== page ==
With social distancing in place, there are changes that need to be made to the customer service model. Examine your model from a customer-centric point of view and then create your associate environment around this. If people need to stay more than six feet away from each other, how do you instruct your associates to help customers? How can they stock shelves or help a customer locate products? How can they ensure that the proper cleaning measures are undertaken with customers in the store? Do you instruct associates to stay behind cash wrap desks and install plexiglass shields to protect them? Or maybe more services can be shifted to customer self-service to avoid interaction?
It will be a challenge to identify how associates can be both welcoming and distant at the same time in a way that allows customers to be comfortable shopping in the store.
Most retailers are sitting with excess – and likely out-of-season – inventory in their stores and warehouses as demand drastically decreased over the last few months. Now the question becomes what to do with that inventory. This is a complex question specific to your environment and business model.
Each company needs to look at their inventory position and what the current expectations are – if you are in a highly seasonal business then your merchandise is out-of-season. Do you pack it away? Do you have space to store excess merchandise? Or do you immediately try to liquidate your current stale inventory to provide cash to pay employees, rent and new deliveries? Can you ship out-of-season inventory to another region where it may be more likely to sell and re-balance your assortment?
If you offer non-seasonal goods you need to look at whether deliveries are in line with sales expectations – what will May/June/July sales look like this year compared to last year? Again, there is no sales history to base this on as demand begins to increase over the next few months.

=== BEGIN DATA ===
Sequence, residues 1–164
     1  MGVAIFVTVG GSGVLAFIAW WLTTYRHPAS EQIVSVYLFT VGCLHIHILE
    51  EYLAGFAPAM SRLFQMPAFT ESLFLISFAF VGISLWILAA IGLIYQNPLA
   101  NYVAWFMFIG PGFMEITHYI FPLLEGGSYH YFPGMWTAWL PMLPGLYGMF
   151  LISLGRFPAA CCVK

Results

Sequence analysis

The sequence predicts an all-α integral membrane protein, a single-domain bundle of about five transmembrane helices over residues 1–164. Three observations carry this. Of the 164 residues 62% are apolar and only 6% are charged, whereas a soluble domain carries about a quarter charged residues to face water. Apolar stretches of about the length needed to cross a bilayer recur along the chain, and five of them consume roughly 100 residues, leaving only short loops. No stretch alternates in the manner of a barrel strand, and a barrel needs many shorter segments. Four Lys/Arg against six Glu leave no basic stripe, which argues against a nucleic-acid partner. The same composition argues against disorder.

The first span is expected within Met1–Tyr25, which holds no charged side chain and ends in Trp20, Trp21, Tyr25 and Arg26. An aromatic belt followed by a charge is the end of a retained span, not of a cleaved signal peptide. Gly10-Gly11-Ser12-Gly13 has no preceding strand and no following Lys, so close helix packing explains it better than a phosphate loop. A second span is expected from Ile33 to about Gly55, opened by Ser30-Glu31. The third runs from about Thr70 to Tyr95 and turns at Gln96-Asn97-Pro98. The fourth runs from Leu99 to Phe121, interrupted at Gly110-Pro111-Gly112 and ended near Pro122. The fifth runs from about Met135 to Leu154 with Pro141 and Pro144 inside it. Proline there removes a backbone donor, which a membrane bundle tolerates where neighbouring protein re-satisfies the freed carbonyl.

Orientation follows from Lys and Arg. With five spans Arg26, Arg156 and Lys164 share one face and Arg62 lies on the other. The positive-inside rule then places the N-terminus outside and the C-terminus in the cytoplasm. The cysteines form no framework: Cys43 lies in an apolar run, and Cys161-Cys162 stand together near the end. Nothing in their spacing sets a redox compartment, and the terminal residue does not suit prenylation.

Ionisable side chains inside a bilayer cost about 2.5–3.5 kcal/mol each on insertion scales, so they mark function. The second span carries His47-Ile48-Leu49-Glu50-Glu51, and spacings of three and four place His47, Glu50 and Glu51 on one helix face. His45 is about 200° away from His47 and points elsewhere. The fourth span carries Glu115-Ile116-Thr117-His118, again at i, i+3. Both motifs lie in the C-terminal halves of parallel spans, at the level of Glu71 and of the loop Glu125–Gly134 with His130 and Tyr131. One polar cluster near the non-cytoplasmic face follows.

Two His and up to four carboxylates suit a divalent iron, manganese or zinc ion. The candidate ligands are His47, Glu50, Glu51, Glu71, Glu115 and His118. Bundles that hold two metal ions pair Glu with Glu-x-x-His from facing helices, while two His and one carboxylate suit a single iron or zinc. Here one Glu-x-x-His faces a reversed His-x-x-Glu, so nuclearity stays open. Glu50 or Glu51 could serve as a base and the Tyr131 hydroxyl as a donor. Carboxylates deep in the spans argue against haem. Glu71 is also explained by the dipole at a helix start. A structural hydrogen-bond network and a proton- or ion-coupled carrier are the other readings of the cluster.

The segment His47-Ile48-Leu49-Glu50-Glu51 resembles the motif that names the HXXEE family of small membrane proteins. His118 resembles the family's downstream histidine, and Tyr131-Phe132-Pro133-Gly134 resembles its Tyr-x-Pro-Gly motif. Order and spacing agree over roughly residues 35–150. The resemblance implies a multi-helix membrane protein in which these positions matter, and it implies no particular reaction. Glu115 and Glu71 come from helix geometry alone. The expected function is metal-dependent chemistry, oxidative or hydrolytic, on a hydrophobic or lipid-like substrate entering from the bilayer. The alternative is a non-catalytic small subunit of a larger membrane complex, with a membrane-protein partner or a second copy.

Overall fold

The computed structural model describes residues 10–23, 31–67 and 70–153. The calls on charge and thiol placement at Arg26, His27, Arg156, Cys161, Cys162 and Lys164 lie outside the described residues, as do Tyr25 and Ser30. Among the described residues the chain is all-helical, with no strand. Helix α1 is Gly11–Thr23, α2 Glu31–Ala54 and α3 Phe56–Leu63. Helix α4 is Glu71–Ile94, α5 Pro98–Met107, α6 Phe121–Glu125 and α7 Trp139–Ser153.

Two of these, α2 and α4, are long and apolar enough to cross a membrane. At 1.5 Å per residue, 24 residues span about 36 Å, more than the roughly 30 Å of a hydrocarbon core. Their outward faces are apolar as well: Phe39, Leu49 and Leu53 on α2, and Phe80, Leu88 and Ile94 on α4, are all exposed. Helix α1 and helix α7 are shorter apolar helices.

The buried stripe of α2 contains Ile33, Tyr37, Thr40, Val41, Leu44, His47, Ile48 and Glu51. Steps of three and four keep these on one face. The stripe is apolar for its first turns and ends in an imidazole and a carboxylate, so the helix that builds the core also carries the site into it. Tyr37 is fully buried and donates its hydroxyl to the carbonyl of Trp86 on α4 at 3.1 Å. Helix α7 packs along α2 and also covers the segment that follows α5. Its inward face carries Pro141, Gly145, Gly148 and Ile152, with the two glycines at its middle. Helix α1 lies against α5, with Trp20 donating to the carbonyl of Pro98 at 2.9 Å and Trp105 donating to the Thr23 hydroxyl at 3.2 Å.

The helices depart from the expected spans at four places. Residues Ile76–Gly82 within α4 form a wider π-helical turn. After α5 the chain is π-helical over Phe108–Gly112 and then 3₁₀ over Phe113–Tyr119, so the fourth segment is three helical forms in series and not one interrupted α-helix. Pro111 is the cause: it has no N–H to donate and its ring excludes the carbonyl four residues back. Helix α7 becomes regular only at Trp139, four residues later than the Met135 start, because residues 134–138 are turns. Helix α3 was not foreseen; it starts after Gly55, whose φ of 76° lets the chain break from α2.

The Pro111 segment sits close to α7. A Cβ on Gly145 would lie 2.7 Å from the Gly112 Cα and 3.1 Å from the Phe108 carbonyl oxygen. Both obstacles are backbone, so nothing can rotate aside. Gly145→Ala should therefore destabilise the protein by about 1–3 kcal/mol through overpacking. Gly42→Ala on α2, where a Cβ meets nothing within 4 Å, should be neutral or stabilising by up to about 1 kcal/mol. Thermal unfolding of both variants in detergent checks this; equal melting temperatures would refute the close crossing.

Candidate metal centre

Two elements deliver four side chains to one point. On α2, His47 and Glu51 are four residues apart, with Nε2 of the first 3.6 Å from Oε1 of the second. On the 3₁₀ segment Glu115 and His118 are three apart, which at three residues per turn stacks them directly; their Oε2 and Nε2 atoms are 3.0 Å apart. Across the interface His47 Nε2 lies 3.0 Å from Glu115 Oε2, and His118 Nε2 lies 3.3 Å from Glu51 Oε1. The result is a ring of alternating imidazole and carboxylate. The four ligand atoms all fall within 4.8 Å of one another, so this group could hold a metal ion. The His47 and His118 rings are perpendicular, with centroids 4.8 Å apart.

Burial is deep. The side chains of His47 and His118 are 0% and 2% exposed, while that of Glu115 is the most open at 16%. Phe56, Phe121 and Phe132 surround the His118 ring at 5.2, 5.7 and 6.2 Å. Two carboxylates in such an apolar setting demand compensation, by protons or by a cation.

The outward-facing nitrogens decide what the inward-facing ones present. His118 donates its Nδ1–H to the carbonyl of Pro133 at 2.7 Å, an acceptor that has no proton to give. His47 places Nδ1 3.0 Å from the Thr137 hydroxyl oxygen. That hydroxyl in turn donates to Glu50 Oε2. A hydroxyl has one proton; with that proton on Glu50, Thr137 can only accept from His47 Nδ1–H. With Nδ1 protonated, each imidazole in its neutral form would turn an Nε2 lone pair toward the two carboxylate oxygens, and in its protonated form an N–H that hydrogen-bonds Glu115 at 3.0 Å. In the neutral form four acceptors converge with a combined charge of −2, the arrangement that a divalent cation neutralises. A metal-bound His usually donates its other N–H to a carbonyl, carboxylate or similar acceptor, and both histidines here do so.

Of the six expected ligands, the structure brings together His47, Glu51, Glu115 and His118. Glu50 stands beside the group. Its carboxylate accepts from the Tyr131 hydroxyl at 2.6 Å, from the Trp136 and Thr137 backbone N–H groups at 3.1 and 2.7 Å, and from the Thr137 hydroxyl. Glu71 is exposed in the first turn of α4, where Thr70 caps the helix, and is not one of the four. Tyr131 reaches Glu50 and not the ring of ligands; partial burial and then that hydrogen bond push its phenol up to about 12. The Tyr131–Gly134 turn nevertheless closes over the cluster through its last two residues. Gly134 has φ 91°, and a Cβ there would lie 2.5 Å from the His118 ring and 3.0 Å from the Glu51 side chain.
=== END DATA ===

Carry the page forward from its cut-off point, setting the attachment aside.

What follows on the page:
And finally, with 15% unemployment, do you expect your customer demand to rebound? Should you plan for 10-15% below normal and then work with that plan? Other options include adjusting deliveries, suspending orders, and trying to increase demand by putting basic items on sale.
With many store locations closed for an extended period of time and the resulting shift to online for the majority of purchases, now is a good time for retailers to re-think their stores. What should the store model be when it reopens? How does order pickup in the store look? Do you/can you offer curbside pickup? Are there systems in place to support these models in the long-term? Many retailers have offered these services during this crisis, but they were mostly put in place on an ad hoc business. Can these services continue now that the store associates and systems will now also need to support customers shopping and purchasing in the store? With stores opening, what kind of omni-channel business do you want to support going forward and what is required to ensure it can operate?
A bigger question may be whether all store locations should even be reopened. There is a strong argument that the U.S. was over-stored before the current situation. Over the past 20 years e-commerce has grown and become a larger percentage of overall sales but there has not been a corresponding decrease in store square footage, in fact it has increased. Now, with higher demand for e-commerce, can the same number of stores be supported?
Retailers should be examining all locations to decide if they should be re-opened and how. If you operate 30 stores supporting a metropolitan area, can all locations really be sustained, or should some locations operate as dark stores to fulfill local online orders. Or maybe operate them as dark stores until the lease is up and then close the location. Some stores may also be better utilized as clearance centers to liquidate the out-of-season inventory that needs to be removed from stores to move forward.
The grand re-opening of retail is an opportunity to think of your stores as fresh locations and to think about the people, processes and technology to support the customer experience moving forward in those locations. Think of this as a free hall pass – investors expect business to be bad for a while so utilize this time to take a fresh look at each location and make smart and profitable decisions to move forward wisely.
-Gene Bornac, Senior VP of Retail Consulting, enVista